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Measles update

Measles Clinic 18 April 2024

The EU/EEA area has already seen more measles cases in the first three months of 2024, than in the entire of 2022. The HSE is taking every action to prevent an outbreak in Ireland. A drop-in clinic will take place in NCI on Thursday morning ,18 April, to allow anyone who is not already vaccinated to ‘catch up’ on your measles vaccine.

The measles vaccine is safe and long-lasting. In Ireland, the measles vaccine is generally administered during childhood, along with vaccines for mumps and rubella: this is known as the MMR. The MMR is a safe and effective combined vaccine that will protect you from these very infectious, potentially serious diseases.

If you're not sure that you've been fully vaccinated, you should get vaccinated. The MMR vaccine is safe, and there is no harm in getting another dose, even if you may already be immune to measles, mumps, or rubella.

95% vaccine uptake is required to protect the population. MMR vaccine uptake in Ireland is currently below that figure. It is estimated that more than 10% of adults aged 18-34 - including nearly 20% of males aged 18-19 years – did not complete their MMR vaccinations.

When you attend for your vaccination, the clinician will check with you to ensure you are not pregnant or that there is no other reason you should not take the vaccine.

What is measles?

Measles is an acute, airborne viral disease. Read HSE information on Measles

Measles is a notifiable disease, which means you must let your GP know if you have measles, so they can inform the Health services. If you do not already have a GP, please note that there is no fee for NCI students to register as a patient at Hanover Medical.

Measles is highly infectious. It is estimated that 90% of non-immune people who make contact with measles will become infected. The measles vaccine is highly effective and has saved millions of people from sickness, acquired disability, and death, since its development in 1962.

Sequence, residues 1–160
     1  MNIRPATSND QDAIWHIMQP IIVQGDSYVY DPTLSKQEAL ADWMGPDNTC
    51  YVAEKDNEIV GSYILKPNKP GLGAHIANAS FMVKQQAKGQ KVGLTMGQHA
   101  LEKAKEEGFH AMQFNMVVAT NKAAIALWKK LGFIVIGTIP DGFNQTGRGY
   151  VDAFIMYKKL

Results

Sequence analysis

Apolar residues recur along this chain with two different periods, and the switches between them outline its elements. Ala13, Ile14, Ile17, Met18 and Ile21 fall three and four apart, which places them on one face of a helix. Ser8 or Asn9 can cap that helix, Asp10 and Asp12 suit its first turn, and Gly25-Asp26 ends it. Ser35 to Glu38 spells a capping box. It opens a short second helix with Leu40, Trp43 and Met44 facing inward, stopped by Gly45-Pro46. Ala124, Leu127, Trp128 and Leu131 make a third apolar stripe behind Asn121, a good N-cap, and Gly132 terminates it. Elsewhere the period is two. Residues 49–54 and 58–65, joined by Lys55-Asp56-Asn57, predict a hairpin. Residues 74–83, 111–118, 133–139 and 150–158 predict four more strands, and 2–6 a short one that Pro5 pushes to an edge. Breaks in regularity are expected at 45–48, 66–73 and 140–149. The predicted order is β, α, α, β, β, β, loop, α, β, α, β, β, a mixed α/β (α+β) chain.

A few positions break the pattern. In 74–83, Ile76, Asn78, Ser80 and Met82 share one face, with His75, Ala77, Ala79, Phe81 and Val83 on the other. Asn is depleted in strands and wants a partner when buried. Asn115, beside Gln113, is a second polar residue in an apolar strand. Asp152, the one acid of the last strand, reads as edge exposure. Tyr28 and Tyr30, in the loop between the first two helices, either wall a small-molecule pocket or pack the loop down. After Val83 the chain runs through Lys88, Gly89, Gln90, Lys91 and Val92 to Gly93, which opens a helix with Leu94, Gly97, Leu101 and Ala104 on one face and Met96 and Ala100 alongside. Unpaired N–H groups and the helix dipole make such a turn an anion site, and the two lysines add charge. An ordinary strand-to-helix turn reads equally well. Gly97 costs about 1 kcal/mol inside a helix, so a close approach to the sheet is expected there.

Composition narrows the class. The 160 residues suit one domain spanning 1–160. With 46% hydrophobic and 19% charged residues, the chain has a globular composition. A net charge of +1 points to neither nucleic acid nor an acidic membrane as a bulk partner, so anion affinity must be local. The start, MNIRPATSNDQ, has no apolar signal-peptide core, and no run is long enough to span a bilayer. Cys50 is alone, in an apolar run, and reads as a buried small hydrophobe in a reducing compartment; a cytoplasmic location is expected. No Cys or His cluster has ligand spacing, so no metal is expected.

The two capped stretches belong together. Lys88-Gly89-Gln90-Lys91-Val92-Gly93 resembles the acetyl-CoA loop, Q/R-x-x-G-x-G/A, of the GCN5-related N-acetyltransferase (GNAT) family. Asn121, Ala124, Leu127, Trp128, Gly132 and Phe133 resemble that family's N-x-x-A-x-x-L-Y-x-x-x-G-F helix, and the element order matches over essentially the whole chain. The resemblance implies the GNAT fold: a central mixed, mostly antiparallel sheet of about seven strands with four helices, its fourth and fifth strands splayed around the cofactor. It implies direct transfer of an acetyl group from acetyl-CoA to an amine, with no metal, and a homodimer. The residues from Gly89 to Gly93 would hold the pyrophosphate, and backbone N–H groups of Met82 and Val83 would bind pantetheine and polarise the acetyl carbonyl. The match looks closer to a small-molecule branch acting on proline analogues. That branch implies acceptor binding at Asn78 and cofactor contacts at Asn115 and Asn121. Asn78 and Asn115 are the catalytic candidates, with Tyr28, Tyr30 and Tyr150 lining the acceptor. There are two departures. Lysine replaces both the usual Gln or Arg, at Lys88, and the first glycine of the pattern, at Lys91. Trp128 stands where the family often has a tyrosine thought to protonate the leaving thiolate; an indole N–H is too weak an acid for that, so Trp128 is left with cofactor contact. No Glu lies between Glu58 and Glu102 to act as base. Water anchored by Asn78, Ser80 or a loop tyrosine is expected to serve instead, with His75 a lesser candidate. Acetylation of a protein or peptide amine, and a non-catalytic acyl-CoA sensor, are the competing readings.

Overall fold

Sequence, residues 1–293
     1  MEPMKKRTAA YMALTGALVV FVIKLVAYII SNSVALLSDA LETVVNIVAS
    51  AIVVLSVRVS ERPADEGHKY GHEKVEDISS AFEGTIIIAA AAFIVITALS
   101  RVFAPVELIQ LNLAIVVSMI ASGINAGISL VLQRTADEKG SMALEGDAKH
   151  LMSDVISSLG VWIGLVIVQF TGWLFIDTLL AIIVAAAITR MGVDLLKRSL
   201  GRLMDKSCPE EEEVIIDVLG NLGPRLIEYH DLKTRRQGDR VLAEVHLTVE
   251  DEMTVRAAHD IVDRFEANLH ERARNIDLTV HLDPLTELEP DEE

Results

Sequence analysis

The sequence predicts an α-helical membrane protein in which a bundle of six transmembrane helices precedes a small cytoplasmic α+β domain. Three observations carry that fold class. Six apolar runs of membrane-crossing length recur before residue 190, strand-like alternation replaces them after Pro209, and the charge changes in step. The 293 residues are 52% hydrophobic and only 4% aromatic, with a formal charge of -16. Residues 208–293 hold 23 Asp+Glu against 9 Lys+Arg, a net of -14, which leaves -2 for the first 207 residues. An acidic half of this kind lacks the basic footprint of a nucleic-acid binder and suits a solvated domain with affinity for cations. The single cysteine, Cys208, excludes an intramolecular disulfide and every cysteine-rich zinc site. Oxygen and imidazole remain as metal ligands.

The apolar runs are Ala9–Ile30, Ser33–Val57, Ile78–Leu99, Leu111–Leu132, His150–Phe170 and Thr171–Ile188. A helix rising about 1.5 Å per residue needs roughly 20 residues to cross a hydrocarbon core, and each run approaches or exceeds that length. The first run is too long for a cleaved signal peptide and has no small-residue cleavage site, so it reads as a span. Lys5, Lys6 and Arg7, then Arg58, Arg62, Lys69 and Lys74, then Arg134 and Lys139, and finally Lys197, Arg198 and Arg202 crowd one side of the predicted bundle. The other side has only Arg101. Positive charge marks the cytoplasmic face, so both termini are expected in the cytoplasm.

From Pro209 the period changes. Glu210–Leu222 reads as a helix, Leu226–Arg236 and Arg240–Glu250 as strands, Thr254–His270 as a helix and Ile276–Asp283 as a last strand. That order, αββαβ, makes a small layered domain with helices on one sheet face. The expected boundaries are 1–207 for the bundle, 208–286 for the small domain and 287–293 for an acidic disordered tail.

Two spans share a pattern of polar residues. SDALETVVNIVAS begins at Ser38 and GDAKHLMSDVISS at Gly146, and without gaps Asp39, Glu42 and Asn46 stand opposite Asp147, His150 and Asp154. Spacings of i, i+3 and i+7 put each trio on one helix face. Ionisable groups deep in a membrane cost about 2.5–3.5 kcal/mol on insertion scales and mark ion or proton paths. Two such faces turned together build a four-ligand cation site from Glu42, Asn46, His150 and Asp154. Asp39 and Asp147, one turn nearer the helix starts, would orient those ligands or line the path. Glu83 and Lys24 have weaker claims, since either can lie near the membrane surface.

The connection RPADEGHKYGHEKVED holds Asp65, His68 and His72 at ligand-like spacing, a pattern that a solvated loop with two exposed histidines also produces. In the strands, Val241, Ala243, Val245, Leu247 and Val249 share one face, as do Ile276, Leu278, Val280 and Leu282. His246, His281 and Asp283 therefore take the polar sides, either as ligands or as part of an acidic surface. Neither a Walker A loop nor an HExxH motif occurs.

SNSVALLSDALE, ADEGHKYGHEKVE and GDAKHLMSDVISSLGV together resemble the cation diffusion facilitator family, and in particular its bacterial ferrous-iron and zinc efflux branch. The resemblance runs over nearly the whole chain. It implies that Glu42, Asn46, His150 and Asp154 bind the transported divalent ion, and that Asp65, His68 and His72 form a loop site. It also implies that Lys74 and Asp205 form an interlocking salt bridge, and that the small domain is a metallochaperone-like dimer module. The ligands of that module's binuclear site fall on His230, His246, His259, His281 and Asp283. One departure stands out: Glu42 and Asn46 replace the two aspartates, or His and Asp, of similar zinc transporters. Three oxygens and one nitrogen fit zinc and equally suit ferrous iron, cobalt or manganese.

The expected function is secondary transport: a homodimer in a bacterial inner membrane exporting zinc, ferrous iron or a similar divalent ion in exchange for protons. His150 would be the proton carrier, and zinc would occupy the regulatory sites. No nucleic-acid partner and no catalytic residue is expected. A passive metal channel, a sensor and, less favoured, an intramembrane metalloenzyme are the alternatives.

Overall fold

Early symptoms of Measles may feel like the onset of a cold: cough, fever, runny nose, sore eyes. It can take a few days for the measles rash to develop - white spots may develop in your mouth before you see a rash on your body – a person with measles is considered contagious from about 5 days BEFORE the rash develops until about 4 days after it has appeared.

Even a straightforward case of measles is very sickening, including high fever, rash, fatigue, sore eyes, aches and pains, etc. lasting around 7-10 days. Common complications include middle ear infections, conjunctivitis, diarrhoea and vomiting. More serious complications are rare, but include blindness, encephalitis and pneumonia. Measles can be life-threatening. There has been one death to date from measles in Ireland in 2024. Measles also generally weakens the immune system and can make the body “forget” how to protect itself, even against infections it previously fought-off. The most effective way to protect yourself from measles is to get vaccinated. 

If you think you have measles or if you have been in contact with measles, phone your GP, do not attend the waiting room in person. Follow your GP's advice.

Reminder: if you do not already have a GP, there is no fee for NCI students to register as a patient at Hanover Medical.